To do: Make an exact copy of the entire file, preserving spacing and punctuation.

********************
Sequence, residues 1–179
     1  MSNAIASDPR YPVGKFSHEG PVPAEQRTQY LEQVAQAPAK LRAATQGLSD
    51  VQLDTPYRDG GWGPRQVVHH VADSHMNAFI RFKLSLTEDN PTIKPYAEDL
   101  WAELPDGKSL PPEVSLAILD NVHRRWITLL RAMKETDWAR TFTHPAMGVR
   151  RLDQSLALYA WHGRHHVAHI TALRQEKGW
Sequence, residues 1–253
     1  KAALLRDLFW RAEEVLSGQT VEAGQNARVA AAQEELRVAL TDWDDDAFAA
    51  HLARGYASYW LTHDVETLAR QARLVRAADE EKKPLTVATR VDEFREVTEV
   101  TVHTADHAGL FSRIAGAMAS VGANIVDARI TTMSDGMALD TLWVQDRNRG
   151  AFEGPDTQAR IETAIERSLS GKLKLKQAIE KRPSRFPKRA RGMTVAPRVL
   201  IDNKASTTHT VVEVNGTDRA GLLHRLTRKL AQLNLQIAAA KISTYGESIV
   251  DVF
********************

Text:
Sequence, residues 1–179
     1  MSNAIASDPR YPVGKFSHEG PVPAEQRTQY LEQVAQAPAK LRAATQGLSD
    51  VQLDTPYRDG GWGPRQVVHH VADSHMNAFI RFKLSLTEDN PTIKPYAEDL
   101  WAELPDGKSL PPEVSLAILD NVHRRWITLL RAMKETDWAR TFTHPAMGVR
   151  RLDQSLALYA WHGRHHVAHI TALRQEKGW
Sequence, residues 1–253
     1  KAALLRDLFW RAEEVLSGQT VEAGQNARVA AAQEELRVAL TDWDDDAFAA
    51  HLARGYASYW LTHDVETLAR QARLVRAADE EKKPLTVATR VDEFREVTEV
   101  TVHTADHAGL FSRIAGAMAS VGANIVDARI TTMSDGMALD TLWVQDRNRG
   151  AFEGPDTQAR IETAIERSLS GKLKLKQAIE KRPSRFPKRA RGMTVAPRVL
   201  IDNKASTTHT VVEVNGTDRA GLLHRLTRKL AQLNLQIAAA KISTYGESIV
   251  DVF